It was the spring of 1942 before General der Flieger Student could tackle the task of rebuilding his decimated airborne forces. The first formations were returning from the East, where they had been badly battered. Von der Heydte’s battalion was sent to the Döberitz-Elsgrund Training Area, where it was redesignated as an instructional battalion. Experiments were conducted with night jumps and descents on wooded areas. Efforts were also undertaken to allow the paratroopers to jump with their main small arm instead of having to retrieve one from a weapons container. Trials were also conducted starting in May of that year with a new generation of gliders such as the Gotha Go 242.
There was a purpose to all of those efforts. Von der Heydte’s battalion was earmarked for the initial assault on Malta, where it would jump into the British antiaircraft defenses six hours before the main body arrived and take them out of commission.
The attack plan for Malta and several other operations had recently been discussed in Rome. Generalfeldmarschall Kesselring had summoned Student to Italy’s capital. Student saw Generalmajor Ramcke there as well, as the latter had been sent to Italy to help train that country’s fledgling airborne corps. The airborne division “Folgore” and the air-landed division “Superba” were being formed and trained in accordance with German doctrinal principles.
Together with Ramcke, Student worked out the first draft for an assault on the island fortress. In theory, command and control of the operation was under the Commander-in-Chief of the Italian forces, Colonel General Cavallero. By involving the Italians in this way, the Germans hoped to secure access to all of the Italian fleet to support the operation.
Ramcke and Student came up with an operation that was broken down into four parts:
Part One: After a surprise landing by gliderborne forces from von der Heydte’s battalion on the antiaircraft batteries of Malta and the subsequent elimination of them, the main body of the paratroopers and air-landed forces will arrive as the advance guard under the personal command and control of General Student to the south of La Valetta on the high ground there. It will establish a broad landing zone on the island and attack the airfields and city of La Valetta in rapid, decisive action.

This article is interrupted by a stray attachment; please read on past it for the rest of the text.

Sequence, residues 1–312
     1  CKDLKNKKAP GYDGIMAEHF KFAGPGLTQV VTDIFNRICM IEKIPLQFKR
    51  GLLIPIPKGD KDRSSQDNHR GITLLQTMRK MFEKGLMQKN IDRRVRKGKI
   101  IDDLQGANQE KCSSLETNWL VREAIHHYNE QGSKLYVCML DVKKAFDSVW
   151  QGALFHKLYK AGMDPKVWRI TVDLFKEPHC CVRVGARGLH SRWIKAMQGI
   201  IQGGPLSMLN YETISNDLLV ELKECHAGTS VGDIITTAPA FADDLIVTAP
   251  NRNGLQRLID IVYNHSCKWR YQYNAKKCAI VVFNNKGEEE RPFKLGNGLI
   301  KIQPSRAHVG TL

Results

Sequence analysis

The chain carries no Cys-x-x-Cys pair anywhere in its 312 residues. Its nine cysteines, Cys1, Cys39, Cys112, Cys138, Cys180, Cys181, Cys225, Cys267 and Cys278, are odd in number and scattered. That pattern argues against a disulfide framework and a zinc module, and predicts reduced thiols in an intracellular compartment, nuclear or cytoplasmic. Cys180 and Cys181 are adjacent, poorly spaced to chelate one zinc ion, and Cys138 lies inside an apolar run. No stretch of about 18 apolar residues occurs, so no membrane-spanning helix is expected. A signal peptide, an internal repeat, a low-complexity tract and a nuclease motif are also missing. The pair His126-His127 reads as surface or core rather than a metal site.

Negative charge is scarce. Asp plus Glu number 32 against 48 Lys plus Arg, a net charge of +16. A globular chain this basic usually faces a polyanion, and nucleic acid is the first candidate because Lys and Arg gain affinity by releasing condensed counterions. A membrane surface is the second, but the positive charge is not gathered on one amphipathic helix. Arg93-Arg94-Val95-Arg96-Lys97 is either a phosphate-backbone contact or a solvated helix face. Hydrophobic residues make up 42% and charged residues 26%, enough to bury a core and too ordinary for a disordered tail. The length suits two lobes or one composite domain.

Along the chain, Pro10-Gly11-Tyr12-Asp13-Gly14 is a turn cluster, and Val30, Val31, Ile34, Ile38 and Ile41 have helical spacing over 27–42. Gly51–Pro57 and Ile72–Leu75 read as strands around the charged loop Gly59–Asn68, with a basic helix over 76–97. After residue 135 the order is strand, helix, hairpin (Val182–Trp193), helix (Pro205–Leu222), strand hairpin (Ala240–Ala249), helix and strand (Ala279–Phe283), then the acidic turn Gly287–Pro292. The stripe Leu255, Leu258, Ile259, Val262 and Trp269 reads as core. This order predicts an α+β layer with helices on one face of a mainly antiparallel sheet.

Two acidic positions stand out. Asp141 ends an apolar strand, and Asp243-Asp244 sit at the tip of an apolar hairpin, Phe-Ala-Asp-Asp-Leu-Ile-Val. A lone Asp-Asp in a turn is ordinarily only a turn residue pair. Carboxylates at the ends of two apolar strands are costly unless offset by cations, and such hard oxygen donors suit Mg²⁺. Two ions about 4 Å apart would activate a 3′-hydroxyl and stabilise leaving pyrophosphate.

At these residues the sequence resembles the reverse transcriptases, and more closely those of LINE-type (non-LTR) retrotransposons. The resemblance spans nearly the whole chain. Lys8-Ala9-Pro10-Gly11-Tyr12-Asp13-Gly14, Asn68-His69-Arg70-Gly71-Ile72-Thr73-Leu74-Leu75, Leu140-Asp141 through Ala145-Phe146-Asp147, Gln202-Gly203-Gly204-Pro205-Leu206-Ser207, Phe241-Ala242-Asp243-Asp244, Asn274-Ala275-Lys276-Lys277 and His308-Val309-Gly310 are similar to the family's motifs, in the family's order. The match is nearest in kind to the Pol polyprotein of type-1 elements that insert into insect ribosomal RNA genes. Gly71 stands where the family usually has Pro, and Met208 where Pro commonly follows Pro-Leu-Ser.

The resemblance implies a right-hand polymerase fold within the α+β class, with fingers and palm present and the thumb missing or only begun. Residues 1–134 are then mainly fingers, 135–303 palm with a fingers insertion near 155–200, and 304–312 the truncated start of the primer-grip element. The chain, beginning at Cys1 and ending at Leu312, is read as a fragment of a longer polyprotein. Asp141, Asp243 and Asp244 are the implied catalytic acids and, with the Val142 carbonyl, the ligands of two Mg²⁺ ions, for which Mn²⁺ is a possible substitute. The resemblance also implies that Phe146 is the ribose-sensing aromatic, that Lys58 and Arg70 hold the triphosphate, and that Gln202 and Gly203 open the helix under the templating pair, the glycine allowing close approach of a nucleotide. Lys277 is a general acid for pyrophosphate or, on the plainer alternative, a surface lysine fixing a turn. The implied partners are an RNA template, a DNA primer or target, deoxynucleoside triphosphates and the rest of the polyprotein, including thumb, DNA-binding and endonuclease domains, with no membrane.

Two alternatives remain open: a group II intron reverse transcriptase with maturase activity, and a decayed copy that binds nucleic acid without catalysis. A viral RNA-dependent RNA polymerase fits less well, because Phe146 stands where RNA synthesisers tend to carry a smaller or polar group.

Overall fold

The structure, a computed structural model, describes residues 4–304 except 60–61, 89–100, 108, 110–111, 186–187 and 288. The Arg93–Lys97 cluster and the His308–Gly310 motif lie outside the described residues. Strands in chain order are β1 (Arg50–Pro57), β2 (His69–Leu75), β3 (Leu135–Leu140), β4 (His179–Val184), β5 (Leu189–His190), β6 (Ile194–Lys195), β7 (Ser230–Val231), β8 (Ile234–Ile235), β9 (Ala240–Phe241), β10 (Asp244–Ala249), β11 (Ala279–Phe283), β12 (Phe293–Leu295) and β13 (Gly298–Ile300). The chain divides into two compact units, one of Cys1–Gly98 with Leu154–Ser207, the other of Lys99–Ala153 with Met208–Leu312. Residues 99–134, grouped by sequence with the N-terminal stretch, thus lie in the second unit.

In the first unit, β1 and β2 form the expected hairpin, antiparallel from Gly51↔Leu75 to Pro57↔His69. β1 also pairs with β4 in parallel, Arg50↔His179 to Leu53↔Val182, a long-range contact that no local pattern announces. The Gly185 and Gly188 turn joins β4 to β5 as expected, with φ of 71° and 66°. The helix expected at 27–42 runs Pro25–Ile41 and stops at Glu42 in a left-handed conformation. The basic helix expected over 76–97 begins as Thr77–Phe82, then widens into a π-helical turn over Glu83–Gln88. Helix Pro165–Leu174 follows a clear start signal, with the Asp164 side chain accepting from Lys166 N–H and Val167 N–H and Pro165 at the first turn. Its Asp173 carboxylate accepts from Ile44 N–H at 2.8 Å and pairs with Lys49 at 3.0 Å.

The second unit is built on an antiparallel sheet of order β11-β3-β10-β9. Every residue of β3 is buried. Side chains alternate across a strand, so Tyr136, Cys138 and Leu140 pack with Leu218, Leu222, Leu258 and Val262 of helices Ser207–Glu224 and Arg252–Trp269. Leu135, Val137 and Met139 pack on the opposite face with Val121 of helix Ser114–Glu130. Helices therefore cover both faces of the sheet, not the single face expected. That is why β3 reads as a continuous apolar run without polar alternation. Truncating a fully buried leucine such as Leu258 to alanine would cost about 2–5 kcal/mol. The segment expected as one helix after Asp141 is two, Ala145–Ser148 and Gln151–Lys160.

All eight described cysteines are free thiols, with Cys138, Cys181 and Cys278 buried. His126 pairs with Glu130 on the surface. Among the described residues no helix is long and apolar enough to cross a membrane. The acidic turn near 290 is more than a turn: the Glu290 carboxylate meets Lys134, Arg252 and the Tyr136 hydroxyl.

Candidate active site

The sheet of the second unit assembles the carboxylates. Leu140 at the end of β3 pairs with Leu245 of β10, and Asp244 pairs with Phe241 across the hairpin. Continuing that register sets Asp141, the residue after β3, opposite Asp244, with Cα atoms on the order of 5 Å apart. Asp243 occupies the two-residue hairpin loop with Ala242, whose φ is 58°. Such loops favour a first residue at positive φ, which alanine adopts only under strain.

Part Two: Seaborne landings of the main body of the attack forces south of La Valetta, which will advance in conjunction with the airborne forces from that area.
Part Three: In order to deceive the enemy and divert his attention, there will be a deception operation against Marsa Scirocco Bay.
Part Four: The safety of the seaborne transports is the responsibility of the Italian fleet. The securing of the air space is the responsibility of Luftflotte 2. The formations of that tactical air force will conduct massed attacks on the airfields and antiaircraft positions on Malta prior to the airborne landings, defeat the enemy’s air forces and paralyze the enemy’s antiaircraft defenses.
For the operation, 12 of the Gigant transporters were available for planning purposes. The Me 323 had six engines and were able to take a complete Flak platoon or 130 fully loaded soldiers in one lift.
The operations received the codename Unternehmen “Herkules” and lived up to its name, both in size and ambition. The chances for success were good, better than those on Crete had been. The point of debarkation for the identified forces was Sicily. The II. Flieger-Korps of General der Flieger was earmarked to support the airborne forces. In addition, the entire Italian Air Force was designated to support the operations. Mussolini also promised the use of all of the Italian Navy, including its capital ships.